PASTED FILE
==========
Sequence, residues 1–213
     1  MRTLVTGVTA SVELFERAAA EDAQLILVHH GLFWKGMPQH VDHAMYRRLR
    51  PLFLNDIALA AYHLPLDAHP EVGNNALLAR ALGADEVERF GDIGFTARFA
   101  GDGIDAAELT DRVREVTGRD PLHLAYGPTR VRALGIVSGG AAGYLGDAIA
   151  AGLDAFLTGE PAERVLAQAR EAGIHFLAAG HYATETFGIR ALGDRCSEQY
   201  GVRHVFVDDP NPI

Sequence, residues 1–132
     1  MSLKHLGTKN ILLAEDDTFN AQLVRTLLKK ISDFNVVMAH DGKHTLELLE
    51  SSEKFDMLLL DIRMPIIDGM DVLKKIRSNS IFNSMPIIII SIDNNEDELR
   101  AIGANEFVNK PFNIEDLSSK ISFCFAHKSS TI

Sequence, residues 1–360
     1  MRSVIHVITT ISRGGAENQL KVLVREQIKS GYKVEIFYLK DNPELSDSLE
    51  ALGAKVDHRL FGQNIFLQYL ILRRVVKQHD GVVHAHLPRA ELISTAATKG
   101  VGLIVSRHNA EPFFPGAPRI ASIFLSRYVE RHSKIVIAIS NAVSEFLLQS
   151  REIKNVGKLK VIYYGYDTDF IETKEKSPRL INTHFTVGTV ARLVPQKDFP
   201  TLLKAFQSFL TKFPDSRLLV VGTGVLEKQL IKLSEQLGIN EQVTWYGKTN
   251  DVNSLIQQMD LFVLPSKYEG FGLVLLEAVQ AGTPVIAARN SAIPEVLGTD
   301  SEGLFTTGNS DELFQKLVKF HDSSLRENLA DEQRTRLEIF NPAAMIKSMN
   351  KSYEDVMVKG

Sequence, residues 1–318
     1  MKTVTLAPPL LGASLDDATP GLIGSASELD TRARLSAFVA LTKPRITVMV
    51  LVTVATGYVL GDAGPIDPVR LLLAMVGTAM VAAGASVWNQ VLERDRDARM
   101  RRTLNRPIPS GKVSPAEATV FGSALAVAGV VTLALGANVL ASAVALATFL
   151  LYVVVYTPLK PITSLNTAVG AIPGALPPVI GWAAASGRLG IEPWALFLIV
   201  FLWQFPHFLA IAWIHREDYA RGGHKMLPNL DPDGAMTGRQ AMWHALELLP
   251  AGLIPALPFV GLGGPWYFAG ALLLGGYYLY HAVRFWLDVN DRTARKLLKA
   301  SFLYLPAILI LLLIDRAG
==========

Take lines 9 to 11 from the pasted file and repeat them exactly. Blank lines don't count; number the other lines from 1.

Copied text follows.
    51  SSEKFDMLLL DIRMPIIDGM DVLKKIRSNS IFNSMPIIII SIDNNEDELR
   101  AIGANEFVNK PFNIEDLSSK ISFCFAHKSS TI

Sequence, residues 1–360